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Bracing For The Rape Apology

October 28, 2009

Sadly, this is probably only the first of several posts about the story of a fifteen year old who was gang-raped outside a school dance in Northern California.

I think we all know that an avalance of apologism, victim-blaming and concern trolling is coming. The only way to head that off would be to change the culture.

Since it will be practically impossible for the defendants and their defenders to deny that anything happened, I expect the most openly nasty response to be along the lines of the Haidl defense: straight-out slut baiting. (The defense said she wanted to be a porn star and therefore consented to get passed out drunk and repeatedly violated on video — some history here.) If we can’t even keep people from doing that to Polanski’s victim, who was 13, we are almost guaranteed to see it used against a fifteen year old.

We will also surely see remarks from people who don’t want to be called rape apologists, and who may even think they are not rape apologists while they gyrate wildly to turn the focus on the victim instead of the rapists and their crowd of aiders and abetters where it belongs. These people will almost always start with some version of “of course I’m not blaming the victim and what the rapists did was wrong and all that …” And then will come the key word, BUT.

Then they will make their real argument. And their real argument is that they are unwilling to actually take rape seriously or do anything to hold rapists accountable. What they believe and argue (but will avoid saying outright) is that the rapist’s behavior is unavoidable, as much a natural disaster as a hurricane or an earthquake, and so the only sensible thing is to plan for its inevitability. The argument will proceed from the dreaded BUT to focus on what SHE did, and how wrong and stupid it was, and ultimately conclude that if women just curtailed their behavior in one or several additional ways, the problem would be solved.*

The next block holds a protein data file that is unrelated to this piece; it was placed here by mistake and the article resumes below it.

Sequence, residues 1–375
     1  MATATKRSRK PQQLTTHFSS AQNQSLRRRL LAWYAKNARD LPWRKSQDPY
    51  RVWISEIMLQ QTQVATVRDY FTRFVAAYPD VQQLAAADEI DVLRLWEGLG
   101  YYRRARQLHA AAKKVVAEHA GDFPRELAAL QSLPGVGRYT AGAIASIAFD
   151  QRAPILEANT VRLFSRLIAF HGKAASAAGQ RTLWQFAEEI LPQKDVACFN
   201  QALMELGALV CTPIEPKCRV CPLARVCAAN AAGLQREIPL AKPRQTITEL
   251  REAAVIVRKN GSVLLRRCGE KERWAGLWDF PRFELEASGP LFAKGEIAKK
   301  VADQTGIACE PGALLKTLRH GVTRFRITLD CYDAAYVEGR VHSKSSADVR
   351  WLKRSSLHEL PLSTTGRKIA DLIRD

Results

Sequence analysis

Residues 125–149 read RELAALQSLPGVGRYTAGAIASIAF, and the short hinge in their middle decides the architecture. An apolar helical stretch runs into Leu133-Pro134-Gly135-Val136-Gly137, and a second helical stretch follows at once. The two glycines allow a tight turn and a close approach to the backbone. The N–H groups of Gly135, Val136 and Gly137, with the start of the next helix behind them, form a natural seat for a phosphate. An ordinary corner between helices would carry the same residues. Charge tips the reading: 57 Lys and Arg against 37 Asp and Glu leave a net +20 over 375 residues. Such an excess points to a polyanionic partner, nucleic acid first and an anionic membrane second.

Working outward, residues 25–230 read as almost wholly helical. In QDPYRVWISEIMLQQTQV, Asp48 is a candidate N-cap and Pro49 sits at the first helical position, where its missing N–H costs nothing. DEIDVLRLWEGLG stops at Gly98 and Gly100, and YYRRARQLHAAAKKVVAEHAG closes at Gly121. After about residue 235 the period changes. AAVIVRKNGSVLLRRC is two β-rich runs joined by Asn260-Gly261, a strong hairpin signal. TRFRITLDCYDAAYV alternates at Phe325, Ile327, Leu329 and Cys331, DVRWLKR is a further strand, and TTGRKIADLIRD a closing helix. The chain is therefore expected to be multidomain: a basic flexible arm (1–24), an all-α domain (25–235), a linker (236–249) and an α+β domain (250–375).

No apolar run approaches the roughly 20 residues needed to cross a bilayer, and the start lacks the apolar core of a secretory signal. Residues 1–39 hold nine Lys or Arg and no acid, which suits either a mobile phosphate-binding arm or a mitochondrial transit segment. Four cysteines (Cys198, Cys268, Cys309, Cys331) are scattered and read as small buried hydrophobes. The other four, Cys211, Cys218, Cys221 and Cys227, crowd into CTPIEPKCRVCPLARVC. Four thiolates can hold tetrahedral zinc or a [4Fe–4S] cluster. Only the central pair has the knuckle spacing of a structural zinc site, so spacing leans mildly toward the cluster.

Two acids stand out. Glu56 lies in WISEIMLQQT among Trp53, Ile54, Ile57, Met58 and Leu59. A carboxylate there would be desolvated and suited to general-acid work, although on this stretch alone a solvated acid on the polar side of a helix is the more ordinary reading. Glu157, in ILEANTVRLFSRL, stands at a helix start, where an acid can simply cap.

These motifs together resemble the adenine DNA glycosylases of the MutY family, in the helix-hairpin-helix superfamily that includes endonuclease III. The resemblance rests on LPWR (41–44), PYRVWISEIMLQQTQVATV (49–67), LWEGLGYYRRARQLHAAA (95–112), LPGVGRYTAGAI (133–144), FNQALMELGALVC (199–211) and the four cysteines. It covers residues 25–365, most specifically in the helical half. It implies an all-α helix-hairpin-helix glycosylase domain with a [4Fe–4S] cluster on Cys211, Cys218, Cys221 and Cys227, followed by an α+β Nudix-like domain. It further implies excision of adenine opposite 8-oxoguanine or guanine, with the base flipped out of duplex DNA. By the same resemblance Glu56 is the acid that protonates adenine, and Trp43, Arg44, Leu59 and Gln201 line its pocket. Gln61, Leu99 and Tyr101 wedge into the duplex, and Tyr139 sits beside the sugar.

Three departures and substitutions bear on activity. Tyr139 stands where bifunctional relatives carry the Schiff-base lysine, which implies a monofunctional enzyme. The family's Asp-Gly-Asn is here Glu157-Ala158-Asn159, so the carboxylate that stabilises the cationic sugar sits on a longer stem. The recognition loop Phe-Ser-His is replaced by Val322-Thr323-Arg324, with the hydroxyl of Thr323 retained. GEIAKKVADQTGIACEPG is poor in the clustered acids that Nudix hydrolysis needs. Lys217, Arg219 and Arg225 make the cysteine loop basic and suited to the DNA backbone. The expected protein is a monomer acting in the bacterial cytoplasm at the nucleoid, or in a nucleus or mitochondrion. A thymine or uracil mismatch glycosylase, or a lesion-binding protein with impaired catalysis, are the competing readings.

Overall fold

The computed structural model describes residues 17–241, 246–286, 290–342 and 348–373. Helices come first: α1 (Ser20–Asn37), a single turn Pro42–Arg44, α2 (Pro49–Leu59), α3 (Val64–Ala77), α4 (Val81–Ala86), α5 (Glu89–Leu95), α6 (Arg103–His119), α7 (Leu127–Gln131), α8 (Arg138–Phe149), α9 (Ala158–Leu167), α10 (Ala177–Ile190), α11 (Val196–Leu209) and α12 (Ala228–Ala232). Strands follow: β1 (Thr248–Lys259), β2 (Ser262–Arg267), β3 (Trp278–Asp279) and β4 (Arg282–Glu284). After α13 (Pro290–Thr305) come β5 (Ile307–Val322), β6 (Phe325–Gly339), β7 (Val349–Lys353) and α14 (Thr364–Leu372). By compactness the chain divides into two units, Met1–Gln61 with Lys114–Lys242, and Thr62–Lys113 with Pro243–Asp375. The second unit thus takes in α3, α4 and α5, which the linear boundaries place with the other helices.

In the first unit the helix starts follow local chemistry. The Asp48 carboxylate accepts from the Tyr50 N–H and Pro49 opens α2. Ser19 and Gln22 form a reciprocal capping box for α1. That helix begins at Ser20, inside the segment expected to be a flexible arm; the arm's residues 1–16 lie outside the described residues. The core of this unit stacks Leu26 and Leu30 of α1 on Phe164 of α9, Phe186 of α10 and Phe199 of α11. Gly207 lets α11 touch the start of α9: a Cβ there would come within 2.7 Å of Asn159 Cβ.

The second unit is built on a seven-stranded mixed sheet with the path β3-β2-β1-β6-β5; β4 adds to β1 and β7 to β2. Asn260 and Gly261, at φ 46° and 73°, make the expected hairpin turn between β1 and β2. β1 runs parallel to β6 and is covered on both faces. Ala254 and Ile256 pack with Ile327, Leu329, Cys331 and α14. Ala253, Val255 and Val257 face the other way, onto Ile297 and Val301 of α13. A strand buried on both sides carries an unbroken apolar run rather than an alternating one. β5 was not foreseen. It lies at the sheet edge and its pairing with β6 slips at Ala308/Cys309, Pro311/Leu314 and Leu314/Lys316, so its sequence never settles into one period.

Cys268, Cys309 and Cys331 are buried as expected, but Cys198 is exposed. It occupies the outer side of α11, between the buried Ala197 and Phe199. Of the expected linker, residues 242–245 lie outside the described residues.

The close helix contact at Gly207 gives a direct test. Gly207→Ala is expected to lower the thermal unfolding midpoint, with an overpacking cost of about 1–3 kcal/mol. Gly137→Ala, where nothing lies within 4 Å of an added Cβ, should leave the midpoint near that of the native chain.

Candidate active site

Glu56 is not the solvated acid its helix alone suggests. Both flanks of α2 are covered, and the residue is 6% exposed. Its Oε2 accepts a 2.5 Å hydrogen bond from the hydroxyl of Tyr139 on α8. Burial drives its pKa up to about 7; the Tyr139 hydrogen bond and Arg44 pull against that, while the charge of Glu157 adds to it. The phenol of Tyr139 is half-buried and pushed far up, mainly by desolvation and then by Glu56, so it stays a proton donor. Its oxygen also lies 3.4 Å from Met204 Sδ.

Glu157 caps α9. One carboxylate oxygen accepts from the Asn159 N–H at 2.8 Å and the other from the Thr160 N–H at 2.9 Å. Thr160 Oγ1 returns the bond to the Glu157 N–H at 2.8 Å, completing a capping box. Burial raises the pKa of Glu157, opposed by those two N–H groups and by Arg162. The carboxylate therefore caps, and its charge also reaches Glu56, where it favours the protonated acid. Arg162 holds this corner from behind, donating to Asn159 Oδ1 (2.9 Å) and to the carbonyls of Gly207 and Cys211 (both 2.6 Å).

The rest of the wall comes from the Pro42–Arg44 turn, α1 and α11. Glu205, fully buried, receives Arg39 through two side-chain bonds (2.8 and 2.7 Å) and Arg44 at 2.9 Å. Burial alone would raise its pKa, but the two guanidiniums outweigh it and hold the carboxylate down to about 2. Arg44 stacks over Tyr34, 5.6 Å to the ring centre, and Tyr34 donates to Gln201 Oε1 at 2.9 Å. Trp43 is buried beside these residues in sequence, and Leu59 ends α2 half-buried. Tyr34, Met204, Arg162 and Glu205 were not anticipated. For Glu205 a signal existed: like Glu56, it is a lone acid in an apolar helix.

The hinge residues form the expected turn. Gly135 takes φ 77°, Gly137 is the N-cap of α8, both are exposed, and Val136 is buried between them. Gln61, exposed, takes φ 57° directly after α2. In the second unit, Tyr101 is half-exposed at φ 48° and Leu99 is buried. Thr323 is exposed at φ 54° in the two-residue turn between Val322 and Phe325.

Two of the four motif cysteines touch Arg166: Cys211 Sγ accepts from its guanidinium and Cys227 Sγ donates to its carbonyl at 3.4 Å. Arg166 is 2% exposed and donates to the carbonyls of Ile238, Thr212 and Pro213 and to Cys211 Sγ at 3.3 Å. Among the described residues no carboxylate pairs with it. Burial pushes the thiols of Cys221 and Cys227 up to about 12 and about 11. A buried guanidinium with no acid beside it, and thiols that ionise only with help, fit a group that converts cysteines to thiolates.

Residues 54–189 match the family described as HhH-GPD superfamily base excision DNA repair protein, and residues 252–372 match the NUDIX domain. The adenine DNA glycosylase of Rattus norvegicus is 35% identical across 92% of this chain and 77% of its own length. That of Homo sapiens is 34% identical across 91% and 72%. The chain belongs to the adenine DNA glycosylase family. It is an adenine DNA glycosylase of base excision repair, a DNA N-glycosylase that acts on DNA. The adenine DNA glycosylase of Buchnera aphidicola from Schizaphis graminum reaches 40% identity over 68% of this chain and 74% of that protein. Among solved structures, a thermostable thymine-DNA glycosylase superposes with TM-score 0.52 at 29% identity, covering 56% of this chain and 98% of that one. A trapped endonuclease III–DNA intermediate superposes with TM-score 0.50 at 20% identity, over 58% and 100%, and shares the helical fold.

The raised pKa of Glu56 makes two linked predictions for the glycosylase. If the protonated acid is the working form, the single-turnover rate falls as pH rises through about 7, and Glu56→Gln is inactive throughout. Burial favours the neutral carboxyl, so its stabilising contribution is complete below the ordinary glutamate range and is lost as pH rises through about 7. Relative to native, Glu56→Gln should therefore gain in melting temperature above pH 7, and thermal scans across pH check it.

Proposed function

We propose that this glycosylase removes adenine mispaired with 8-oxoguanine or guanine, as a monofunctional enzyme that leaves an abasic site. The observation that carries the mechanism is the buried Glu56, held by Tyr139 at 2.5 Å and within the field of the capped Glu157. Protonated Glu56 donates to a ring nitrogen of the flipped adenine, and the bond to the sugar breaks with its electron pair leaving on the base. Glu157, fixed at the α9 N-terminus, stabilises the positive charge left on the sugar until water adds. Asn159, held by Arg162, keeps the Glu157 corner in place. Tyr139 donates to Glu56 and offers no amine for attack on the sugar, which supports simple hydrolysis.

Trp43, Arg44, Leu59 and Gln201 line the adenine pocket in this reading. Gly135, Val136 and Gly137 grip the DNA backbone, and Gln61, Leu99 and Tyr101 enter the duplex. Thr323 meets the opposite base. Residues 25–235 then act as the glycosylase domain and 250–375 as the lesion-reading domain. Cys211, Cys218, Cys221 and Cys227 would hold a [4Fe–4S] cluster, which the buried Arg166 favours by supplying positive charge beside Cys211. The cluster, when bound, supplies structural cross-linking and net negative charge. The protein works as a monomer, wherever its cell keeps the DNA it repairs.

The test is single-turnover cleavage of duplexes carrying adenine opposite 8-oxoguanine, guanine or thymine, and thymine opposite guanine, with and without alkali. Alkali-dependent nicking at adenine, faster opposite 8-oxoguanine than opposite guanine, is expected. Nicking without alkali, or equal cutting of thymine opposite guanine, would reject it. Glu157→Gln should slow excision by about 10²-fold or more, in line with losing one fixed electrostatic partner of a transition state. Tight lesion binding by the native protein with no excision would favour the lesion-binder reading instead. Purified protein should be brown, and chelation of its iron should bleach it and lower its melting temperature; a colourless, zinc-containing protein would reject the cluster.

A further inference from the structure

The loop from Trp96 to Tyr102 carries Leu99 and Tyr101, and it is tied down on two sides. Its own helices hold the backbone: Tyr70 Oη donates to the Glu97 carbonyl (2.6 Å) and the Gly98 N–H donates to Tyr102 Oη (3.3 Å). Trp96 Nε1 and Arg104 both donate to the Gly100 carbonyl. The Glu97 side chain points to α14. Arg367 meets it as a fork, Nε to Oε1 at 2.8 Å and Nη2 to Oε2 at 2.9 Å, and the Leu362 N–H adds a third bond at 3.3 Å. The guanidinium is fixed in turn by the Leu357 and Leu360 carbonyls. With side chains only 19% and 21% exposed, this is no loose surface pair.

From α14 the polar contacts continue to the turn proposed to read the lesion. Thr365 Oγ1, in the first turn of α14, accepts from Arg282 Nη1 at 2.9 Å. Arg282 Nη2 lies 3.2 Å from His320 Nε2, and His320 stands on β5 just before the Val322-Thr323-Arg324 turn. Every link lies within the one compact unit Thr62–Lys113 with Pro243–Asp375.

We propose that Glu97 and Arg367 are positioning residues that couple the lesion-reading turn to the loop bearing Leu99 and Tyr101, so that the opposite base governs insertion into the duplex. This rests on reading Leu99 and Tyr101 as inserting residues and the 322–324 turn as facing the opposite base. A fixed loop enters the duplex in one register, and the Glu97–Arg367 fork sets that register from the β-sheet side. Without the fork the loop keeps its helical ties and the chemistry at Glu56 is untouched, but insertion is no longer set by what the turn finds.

There’s more wrong with this than I have time to write. There are massive, structural things wrong with this. However, I’m going to focus on the very, very concrete.

I believe in personal responsibility. I am no particular fan of alcohol. I think that teens who get drunk do incur certain risks that we should let them suffer for. They should be allowed to bear all the natural risks that a person faces when that person drinks excessively and nobody commits a criminal violation of their most basic human rights. These risks include: that they may fall and twist an ankle or a knee, tear clothes, get written on in magic marker by asshole friends [ETA: see comments], puke, wake up with a massive hangover, and get grounded by their parents. That’s what happens when you’re a fifteen year old who gets shitfaced outside the school dance. Those are the risks our sons run as well as our daughters.

Those risks should not include murder, waterboarding, or rape. Each of the latter is a criminal violation of human rights that we should not tolerate, regardless of who the victim is, nice or naughty, drunk or sober, man or woman. Because they are wrong in the big, non-situational sense. These things are not forces of nature. Tornadoes appear on their own due to climatological conditions, but rapes do not self-generate from masses of air. People commit rapes. With staggering frequency, male people commit rapes, and commit them against women.

And then, people make excuses for them. These are not independent phenomena. By making excuses, we …WE, none of us is an island, and all of us are us, including those of us that do the things that anger and shame all of us, because we all have to live in the society that we make … we grant them a social license to operate. To make apologies for is to excuse, and to excuse is to condone.